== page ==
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Wednesday, December 31, 2008

Can fantasy epics survive the Credit Crunch?

By Guy Adams,Independent
December 28,2008

America's half-empty shopping malls aren't the only place where big business is sucking its teeth and proclaiming "everything must go". The worsening credit crunch is also threatening the future of some of Hollywood's best-known film franchises.

Disney took advantage of the seasonal news lull last week to quietly slip out news that it has decided to withdraw from producing The Voyage of the Dawn Treader, the next in the Chronicles of Narnia series of films based on the children's books by C S Lewis.

Blaming "budgetary considerations" for its decision, the studio said it would not renew an option to co-finance the $200m (£137m) movie because the worsening economic climate has forced it to become more selective about the number of films it produces.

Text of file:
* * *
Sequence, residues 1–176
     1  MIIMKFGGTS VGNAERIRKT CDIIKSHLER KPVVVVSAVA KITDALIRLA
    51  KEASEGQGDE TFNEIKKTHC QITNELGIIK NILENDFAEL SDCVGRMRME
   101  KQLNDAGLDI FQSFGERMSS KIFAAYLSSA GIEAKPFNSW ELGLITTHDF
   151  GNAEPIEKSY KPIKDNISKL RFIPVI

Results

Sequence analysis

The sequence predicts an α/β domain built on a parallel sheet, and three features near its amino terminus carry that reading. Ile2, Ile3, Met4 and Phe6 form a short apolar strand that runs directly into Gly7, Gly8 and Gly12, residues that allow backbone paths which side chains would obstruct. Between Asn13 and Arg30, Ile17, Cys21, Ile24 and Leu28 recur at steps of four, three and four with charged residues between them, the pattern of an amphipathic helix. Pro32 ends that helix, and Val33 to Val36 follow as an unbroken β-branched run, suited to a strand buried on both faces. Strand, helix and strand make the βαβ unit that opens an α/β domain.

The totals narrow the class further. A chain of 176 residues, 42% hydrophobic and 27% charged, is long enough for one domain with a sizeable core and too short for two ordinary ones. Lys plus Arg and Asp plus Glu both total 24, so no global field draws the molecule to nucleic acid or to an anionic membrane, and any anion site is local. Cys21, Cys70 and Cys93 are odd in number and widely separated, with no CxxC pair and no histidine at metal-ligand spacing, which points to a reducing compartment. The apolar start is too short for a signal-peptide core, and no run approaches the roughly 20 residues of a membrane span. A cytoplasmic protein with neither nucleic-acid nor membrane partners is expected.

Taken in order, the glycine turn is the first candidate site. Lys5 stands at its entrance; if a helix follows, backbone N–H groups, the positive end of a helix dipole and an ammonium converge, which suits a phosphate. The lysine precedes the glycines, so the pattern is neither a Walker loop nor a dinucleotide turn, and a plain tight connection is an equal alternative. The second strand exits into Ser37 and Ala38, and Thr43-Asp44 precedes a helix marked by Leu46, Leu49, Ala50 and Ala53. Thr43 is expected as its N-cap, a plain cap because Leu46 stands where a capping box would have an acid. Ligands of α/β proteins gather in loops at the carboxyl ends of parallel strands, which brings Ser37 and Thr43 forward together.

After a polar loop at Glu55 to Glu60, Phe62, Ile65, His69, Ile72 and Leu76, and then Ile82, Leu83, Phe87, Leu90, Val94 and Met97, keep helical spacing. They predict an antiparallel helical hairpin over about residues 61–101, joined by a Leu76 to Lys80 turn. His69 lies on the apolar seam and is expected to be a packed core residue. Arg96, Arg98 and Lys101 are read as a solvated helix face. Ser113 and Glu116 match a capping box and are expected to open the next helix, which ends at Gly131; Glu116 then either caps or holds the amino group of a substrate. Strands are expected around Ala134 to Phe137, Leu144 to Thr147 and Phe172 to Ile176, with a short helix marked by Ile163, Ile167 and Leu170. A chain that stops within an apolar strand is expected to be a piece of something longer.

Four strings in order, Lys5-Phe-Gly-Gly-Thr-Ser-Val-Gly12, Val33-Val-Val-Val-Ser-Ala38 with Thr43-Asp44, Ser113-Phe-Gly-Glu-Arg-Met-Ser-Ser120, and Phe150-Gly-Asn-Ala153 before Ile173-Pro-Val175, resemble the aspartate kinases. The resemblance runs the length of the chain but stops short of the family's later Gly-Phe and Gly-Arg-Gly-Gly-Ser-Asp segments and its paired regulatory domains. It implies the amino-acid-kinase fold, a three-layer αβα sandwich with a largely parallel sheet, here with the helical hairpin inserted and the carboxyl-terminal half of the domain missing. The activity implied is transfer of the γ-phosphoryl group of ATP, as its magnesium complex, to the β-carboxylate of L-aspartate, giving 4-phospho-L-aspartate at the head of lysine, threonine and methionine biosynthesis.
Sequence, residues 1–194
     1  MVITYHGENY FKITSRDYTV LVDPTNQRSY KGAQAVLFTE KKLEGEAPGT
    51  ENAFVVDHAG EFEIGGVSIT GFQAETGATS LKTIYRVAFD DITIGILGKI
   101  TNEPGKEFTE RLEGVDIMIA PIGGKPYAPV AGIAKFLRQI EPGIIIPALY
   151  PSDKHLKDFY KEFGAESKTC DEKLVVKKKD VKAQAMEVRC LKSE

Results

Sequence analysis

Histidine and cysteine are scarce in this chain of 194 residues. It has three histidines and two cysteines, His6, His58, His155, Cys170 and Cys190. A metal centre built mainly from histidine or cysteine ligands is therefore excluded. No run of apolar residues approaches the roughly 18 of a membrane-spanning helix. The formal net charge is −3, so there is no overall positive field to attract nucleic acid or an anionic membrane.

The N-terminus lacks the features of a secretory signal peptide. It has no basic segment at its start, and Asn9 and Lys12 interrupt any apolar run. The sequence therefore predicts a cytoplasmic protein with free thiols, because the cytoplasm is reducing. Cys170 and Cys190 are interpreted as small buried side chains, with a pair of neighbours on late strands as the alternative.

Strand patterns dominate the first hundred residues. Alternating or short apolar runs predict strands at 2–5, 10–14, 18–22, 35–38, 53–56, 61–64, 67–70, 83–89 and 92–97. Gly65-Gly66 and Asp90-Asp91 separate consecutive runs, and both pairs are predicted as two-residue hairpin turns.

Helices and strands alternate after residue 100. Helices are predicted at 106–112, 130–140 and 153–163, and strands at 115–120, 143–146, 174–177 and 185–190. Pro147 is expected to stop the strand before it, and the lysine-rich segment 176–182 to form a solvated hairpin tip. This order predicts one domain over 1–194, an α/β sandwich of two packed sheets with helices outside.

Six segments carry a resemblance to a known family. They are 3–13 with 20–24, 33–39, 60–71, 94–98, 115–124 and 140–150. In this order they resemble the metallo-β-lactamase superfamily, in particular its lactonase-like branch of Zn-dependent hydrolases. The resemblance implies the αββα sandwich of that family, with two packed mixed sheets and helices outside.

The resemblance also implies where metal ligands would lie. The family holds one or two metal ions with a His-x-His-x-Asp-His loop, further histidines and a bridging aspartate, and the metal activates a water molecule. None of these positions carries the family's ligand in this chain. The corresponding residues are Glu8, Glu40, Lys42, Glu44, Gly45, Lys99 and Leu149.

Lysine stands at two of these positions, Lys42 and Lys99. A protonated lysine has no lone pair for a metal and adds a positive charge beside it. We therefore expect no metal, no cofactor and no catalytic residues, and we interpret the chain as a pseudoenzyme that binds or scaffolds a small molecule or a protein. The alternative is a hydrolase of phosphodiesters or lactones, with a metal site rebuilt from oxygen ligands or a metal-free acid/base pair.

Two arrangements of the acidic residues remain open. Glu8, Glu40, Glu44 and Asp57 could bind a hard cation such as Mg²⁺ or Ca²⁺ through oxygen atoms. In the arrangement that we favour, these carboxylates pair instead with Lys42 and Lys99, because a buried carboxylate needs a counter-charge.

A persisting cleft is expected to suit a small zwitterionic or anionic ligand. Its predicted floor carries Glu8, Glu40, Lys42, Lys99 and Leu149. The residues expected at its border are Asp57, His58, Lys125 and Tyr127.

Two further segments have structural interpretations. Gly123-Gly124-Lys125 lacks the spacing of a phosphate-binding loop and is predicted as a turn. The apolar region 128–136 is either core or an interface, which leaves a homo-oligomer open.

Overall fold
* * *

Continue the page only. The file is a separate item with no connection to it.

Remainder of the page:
It was the second major fantasy franchise to be unceremoniously cancelled in recent months. Earlier this year, Warner Bros decided not to make a follow-up to The Golden Compass, the first instalment of Philip Pullman's His Dark Materials trilogy. At the time, the studio suggested that the decision to abandon the sequel, The Subtle Knife, had been made because the original had upset Christian groups.

Can fantasy epics survive the Credit Crunch?

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